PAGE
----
Marijuana Edibles in Texas

Medical Marijuana Edibles Are Now Available In Texas 

Medical marijuana edibles are now available in Texas.

Texas Surterra offers gummies with 200mg THC per bottle of 40.

Texas mulls adding PTSD to the list of qualifying conditions for medical marijuana.

As numerous U.S. states fully embrace medical marijuana, Texas is inching its way, more like being dragged kicking and screaming, toward the legalization of medicinal marijuana. Until recently, the only medical marijuana product legally available in the Lone Star State was low-THC cannabis oil. Medical marijuana edibles are now available!

Sadly, cannabis oil is only available to a very small fraction of individuals and the product must have a THC content no higher than 0.5%. However, in January (in a shockingly bold move for a Southern state), Texas legalized low-THC medical marijuana gummies for patients suffering from a handful of qualifying conditions.

This is good news for many desperately ill people in Texas, who, until now could only access cannabis oil to find relief from their painful conditions. Some forms of cannabis oil have a strong, unpleasant flavor, making ingestion an unpleasant ordeal. However, fruit-flavored marijuana gummies offer a far more palatable experience when consuming the healing herb. 

Moreover, when eaten on an empty stomach, gummies dissolve quickly allowing cannabinoid compounds (THC, CBD) to enter the bloodstream in minutes for fast relief from debilitating symptoms.

Texas Dispensaries With Edibles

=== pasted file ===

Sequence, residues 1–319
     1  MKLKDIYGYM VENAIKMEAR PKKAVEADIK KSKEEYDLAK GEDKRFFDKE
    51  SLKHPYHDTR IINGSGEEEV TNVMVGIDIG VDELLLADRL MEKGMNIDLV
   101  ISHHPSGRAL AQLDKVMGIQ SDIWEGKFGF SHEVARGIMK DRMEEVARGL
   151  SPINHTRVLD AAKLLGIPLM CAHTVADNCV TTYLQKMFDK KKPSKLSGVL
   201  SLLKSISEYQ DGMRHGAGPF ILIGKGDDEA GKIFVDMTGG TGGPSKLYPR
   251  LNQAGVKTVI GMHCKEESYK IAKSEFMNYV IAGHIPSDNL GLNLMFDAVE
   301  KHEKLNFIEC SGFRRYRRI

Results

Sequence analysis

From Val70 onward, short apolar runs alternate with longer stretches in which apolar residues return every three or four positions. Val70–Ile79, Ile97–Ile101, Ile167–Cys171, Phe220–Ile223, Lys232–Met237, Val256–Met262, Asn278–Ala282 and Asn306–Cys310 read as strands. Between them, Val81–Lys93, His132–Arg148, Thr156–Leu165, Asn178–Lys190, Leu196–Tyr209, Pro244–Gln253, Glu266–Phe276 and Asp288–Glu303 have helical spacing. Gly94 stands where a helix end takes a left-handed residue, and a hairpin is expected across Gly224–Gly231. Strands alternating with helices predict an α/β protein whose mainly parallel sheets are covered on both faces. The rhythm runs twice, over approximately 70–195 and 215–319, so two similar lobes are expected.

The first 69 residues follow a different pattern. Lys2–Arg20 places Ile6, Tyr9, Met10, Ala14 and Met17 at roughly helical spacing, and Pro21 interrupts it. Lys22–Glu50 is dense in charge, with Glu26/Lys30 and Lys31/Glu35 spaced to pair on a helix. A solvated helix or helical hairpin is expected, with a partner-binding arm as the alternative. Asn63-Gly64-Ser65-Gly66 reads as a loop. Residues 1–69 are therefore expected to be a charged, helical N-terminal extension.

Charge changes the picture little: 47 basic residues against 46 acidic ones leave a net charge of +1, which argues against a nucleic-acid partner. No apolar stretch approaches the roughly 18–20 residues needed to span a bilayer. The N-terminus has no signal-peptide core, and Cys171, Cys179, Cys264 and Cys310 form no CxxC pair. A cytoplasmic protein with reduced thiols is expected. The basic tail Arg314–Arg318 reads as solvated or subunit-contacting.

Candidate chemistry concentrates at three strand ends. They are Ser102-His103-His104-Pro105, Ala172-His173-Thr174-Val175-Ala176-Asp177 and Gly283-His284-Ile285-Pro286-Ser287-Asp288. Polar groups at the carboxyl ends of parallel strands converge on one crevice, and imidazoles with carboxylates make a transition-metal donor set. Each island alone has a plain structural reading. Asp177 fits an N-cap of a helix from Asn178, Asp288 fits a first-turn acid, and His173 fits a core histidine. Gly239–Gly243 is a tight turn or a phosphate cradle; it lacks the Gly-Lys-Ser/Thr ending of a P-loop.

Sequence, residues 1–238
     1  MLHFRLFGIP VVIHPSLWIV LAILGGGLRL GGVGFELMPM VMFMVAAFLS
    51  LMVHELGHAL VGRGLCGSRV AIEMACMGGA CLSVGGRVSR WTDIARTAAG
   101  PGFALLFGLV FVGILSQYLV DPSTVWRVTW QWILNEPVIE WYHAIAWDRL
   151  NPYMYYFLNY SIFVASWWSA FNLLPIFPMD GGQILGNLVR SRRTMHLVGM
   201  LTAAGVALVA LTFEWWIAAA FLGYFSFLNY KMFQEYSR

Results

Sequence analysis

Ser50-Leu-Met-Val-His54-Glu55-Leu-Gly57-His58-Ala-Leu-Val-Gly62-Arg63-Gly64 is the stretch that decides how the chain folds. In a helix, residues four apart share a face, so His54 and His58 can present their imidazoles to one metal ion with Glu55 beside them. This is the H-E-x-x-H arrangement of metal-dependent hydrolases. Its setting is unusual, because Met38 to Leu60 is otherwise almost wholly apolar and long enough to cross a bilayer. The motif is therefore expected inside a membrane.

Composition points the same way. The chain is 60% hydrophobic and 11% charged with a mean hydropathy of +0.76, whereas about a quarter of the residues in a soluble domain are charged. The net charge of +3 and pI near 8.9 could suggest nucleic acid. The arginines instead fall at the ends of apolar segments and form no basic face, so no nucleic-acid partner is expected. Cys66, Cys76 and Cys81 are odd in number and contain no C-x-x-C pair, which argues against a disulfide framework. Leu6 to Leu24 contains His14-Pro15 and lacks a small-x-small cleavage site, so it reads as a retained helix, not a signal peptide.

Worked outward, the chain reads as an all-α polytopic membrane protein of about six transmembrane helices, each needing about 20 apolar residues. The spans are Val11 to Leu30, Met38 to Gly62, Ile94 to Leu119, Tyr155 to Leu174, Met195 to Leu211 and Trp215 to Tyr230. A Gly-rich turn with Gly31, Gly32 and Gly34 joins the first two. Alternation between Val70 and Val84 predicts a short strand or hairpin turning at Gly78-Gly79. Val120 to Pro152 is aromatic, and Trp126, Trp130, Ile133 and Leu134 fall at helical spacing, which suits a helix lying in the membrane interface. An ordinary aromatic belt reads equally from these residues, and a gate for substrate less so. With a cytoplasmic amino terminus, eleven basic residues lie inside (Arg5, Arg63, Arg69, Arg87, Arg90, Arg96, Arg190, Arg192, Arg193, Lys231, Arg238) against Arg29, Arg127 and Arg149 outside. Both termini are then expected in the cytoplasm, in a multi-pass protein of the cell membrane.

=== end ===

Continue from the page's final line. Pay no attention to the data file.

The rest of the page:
Texas Compassionate Use program expanding

At present, patients must be accepted into the Texas Compassionate Use Program for access to all forms of medical marijuana. The Compassionate Use Program was created in 2015 and has slowly expanded its parameters to include more medical conditions. Patients must prove they suffer from one of the accepted qualifying conditions, including epilepsy, seizures, terminal cancer, multiple sclerosis, incurable neurological disorders, autism, and ALS. Some Texas legislators are now attempting to add PTSD to the highly restrictive list of qualifying conditions.

In late January, a cannabis company called Surterra Texas launched its line of marijuana-infused gummies, adding them to their dispensary menu products with the hopes that patients could access larger amounts of THC in an easy-to-ingest form.

Marcus Ruark, the president of Surterra firmly believes that “Gummies are a popular dosing form in medical markets across the United States and we thought it would be beneficial to bring it to patients here.” 

In addition to potent cannabinoids, the gummies also contain highly therapeutic terpenes. These are naturally occurring, aromatic oils in marijuana that join forces with the cannabinoids to provide relief from a wide array of symptoms.

At this time, Texas Surterra offers only home delivery of their product but has plans to open a dispensary in Austin. Patients can order a 40-count bottle of gummies in orange or tropical paradise flavors. Each bottle contains 200 milligrams of THC and costs $60.

Mr. Ruark fully supports the addition of PTSD to the list of qualifying conditions. He believes that there are at least 2 million Texans who could benefit from his cannabis-infused gummies and states. “We want to get the word out about the benefits of cannabis, especially for veterans. It helps so much.”

Hopefully, deep in the heart of Texas, progressive lawmakers will keep expanding that list of conditions to allow more ailing individuals access to the multiple benefits of medical marijuana. 

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